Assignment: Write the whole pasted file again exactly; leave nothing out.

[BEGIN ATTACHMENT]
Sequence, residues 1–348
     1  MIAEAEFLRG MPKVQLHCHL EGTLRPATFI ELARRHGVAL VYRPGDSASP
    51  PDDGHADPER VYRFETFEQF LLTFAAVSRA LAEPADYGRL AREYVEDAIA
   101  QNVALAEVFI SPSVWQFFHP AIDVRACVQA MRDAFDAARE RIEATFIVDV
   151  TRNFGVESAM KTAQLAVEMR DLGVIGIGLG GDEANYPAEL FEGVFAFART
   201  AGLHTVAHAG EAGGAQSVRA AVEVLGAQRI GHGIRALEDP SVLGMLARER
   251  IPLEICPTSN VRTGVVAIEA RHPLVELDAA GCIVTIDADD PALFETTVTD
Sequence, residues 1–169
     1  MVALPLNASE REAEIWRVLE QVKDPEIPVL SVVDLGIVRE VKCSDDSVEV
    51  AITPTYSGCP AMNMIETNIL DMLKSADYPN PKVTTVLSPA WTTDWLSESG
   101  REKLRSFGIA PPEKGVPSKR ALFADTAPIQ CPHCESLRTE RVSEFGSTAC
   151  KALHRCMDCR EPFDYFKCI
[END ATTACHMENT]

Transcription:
Sequence, residues 1–348
     1  MIAEAEFLRG MPKVQLHCHL EGTLRPATFI ELARRHGVAL VYRPGDSASP
    51  PDDGHADPER VYRFETFEQF LLTFAAVSRA LAEPADYGRL AREYVEDAIA
   101  QNVALAEVFI SPSVWQFFHP AIDVRACVQA MRDAFDAARE RIEATFIVDV
   151  TRNFGVESAM KTAQLAVEMR DLGVIGIGLG GDEANYPAEL FEGVFAFART
   201  AGLHTVAHAG EAGGAQSVRA AVEVLGAQRI GHGIRALEDP SVLGMLARER
   251  IPLEICPTSN VRTGVVAIEA RHPLVELDAA GCIVTIDADD PALFETTVTD
Sequence, residues 1–169
     1  MVALPLNASE REAEIWRVLE QVKDPEIPVL SVVDLGIVRE VKCSDDSVEV
    51  AITPTYSGCP AMNMIETNIL DMLKSADYPN PKVTTVLSPA WTTDWLSESG
   101  REKLRSFGIA PPEKGVPSKR ALFADTAPIQ CPHCESLRTE RVSEFGSTAC
   151  KALHRCMDCR EPFDYFKCI